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An Artist’s Notebook of Sorts

Last Weak  |  Index  |  Next Weak

Weak XLIV

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30 October 2010

gratuitous image

No. 3,951 (cartoon)

You just contradicted yourself.

Perhaps, but I’m still right.

31 October 2010

Trick!

It’s Halloween, and I’m kittysitting in the sleepy little town of Sawmill Valley. As darkness approached, it belatedly occurred to me that a horde of children would soon descend on the house, ring the doorbell, and yell, “Trick or treat!”

Normally they get candy (was the pagan celebration hijacked by dentists?), but I decided to give them a trick instead. I taped a sign to the front gate that said, “Death in family; no visitors please.”

It worked.

Gaggles of children, ushered along by parents, passed by the front window where I was having dinner with friends. No one came through the gate, let alone rang the doorbell.

Ha!

Speaking as a would-be curmudgeon, in my day any household that failed to deliver the goods on demand would suffer retribution: soap scrawls on the windows, toilet paper strung through trees, and perhaps a volley of rotten eggs.

As I predicted, the children tonight were too lazy to attack the house. And anyway, I wasn’t worried about underestimating the kids: it wasn’t my house.

1 November 2010

“San Francisco” “Giants” Win “World Series”

Today, news outlets report that the San Francisco Giants won the world series. But that’s not exactly true.

First, mercenaries from around the world comprise the team. I doubt any of the baseball players are actually from San Francisco, or will choose to stay here after their contracts expire.

And as for San Francisco, the original name of the “team” is the Troy City Trojans. It was founded in 1879, and has moved from city to city ever since. They could be the Biloxi Giants tomorrow; who knows?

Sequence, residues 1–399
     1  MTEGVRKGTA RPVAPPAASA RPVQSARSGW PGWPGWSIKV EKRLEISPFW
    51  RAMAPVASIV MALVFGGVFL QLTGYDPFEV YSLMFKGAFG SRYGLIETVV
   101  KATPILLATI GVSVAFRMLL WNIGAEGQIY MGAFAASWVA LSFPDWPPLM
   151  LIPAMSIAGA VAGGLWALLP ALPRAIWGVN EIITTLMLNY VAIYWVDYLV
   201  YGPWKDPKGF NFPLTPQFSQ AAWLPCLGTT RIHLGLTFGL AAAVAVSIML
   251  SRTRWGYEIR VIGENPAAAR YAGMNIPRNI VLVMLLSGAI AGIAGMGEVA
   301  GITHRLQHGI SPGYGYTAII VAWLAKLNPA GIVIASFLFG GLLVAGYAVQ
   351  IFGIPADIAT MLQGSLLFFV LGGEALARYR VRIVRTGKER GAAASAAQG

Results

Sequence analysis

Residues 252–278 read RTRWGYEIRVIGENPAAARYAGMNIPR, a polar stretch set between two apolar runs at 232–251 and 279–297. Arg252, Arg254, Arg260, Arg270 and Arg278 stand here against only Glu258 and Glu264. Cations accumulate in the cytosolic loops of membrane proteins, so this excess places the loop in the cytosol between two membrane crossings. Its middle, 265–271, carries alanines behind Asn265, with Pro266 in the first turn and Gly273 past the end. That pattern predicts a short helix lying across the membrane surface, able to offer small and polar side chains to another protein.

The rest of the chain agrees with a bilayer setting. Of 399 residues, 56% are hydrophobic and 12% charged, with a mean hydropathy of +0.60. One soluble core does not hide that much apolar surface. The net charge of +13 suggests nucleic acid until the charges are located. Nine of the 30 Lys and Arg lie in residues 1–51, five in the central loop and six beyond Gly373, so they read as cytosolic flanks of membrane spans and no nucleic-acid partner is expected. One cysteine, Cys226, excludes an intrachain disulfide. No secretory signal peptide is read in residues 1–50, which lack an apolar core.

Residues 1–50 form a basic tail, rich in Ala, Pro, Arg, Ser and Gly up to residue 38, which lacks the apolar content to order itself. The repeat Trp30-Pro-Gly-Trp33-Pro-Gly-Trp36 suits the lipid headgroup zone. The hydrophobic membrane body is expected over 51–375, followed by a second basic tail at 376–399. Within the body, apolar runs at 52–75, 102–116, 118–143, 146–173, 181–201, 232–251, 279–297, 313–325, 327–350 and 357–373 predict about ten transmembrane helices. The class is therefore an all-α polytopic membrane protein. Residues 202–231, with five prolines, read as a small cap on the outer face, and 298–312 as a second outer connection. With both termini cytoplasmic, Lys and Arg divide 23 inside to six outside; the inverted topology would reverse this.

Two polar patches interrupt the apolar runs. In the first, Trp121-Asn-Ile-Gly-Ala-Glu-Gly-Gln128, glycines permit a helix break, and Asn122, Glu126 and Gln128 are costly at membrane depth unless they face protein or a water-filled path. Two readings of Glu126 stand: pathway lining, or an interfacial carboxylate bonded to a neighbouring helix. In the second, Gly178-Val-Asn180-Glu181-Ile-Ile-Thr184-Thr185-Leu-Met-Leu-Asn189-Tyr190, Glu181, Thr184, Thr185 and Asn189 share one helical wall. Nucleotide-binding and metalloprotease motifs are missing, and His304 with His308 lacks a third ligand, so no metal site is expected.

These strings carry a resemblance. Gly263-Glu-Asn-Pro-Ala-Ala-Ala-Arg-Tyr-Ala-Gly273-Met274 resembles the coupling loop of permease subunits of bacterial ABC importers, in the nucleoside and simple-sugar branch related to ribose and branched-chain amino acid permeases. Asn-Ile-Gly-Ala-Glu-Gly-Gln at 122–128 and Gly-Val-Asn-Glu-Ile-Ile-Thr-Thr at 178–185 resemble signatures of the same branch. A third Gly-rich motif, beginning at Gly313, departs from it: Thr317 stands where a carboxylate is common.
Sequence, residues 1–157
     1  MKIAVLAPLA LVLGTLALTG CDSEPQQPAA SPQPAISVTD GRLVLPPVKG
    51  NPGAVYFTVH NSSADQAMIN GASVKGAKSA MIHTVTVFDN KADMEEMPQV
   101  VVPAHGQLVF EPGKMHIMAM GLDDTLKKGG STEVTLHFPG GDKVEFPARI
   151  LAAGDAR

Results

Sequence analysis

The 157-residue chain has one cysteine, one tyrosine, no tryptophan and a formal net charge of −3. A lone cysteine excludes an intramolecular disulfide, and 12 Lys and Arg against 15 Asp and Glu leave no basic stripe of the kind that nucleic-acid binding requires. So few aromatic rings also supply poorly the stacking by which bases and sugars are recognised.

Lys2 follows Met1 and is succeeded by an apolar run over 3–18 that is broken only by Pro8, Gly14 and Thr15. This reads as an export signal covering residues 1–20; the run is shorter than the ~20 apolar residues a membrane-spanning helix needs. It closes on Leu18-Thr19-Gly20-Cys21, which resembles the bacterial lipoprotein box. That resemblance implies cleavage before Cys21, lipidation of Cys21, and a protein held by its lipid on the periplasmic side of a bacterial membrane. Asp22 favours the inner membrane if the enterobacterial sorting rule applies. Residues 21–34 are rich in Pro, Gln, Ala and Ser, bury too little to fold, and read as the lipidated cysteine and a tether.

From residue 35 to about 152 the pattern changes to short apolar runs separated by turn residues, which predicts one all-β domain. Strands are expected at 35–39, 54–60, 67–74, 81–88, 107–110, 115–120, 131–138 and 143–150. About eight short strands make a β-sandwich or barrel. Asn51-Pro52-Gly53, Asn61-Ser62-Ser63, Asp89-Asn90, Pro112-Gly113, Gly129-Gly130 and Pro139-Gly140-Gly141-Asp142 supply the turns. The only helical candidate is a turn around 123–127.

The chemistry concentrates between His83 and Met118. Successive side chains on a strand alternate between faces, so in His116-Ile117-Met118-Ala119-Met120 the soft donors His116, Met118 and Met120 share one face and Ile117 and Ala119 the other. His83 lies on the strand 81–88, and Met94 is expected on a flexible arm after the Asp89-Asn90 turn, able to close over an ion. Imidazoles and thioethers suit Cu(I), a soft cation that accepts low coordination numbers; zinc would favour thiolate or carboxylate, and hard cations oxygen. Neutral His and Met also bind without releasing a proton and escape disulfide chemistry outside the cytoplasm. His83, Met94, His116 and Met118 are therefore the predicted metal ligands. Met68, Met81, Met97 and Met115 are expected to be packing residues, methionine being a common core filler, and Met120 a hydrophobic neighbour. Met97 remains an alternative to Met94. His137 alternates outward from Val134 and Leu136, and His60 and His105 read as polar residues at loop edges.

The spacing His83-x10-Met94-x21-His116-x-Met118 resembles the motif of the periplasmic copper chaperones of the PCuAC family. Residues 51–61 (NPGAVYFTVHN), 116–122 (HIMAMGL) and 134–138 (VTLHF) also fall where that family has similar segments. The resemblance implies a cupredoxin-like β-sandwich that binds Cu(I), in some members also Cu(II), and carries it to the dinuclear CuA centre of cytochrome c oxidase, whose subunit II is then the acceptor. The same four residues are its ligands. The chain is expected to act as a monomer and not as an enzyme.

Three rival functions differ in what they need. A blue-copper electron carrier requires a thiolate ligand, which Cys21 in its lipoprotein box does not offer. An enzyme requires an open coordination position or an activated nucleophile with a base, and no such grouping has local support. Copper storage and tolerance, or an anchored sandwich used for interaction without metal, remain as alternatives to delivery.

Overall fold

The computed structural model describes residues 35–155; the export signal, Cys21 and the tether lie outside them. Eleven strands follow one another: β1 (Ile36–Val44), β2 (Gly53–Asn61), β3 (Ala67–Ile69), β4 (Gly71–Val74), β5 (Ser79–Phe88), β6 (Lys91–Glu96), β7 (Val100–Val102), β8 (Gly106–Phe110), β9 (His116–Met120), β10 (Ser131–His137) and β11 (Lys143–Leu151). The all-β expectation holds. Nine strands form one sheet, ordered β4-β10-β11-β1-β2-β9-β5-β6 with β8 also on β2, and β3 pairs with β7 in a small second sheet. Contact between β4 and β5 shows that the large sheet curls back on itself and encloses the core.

Third, the “giants” look like ordinary humans, not behemoths. A few paunchy guys, a couple that look downright scrawny, but no one over two meters tall. In short, no giants.

And finally, the only baseball teams eligible to play in the “world” series are from the United States. I think there may be one or two from Canada, but that’s virtually the same thing.

Go Giants!

2 November 2010

Monster Raving Loony Tea Party?

It’s election day in the United States, and the “Tea Party” is garnering a great deal of attention. It’s not a proper political party, but rather a broad label for the lunatic reactionary fringe. The teabaggers are almost as funny as they are scary.

When it comes to politics, I prefer the honesty of the teabaggers’ English counterparts. The members of the Monster Raving Loony Party aren’t shy about acknowledging their niche in the political spectrum.

I hesitate to put such a horrific thought into words, but what if the teabaggers and the Monster Raving Loony Party united to form the Monster Raving Loony Tea Party?

I’m not going to speculate about a fourth reich; the third one was horrific enough for a millennium.

3 November 2010

The Five-Dollar Burrito

It’s here, sort of. The price of a burrito has risen to a dime or two south of five dollars. After paying the obligatory sales tax, a burrito now costs over five dollars.

This is the point at which I wish that I had an economist to hold my hand. S/he’d explain that, adjusted for inflation, the price of a burrito hasn’t really changed since I moved to San Francisco in 1984.

I know a statistician, but no economists. That’s a problem that’s not really a problem, in that I can always come up with ten dollars for a burrito or two.

4 November 2010

gratuitous image

Rule of Thirds

My new software for processing photographs has a dubious new “feature.” When I crop an image, the program helpfully provides an overlay showing the new image divided into nine equal segments in order to allow me to apply the rule of thirds to purportedly help me with my composition.

The rule of thirds is one of those academic abominations that exemplify Henry David Thoreau’s observation, “Any fool can make a rule.” Some moron came up with the notion that the subject or horizon of a photograph should be placed one third of the way into an image, generations of imbeciles have repeated it. And now some ignoramus manager at Adobe Systems has added the rule of thirds to my software.

I’m not really complaining, although I might had I purchased the silly software rather than simply acquiring it.

Stare.

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©2010 David Glenn Rinehart

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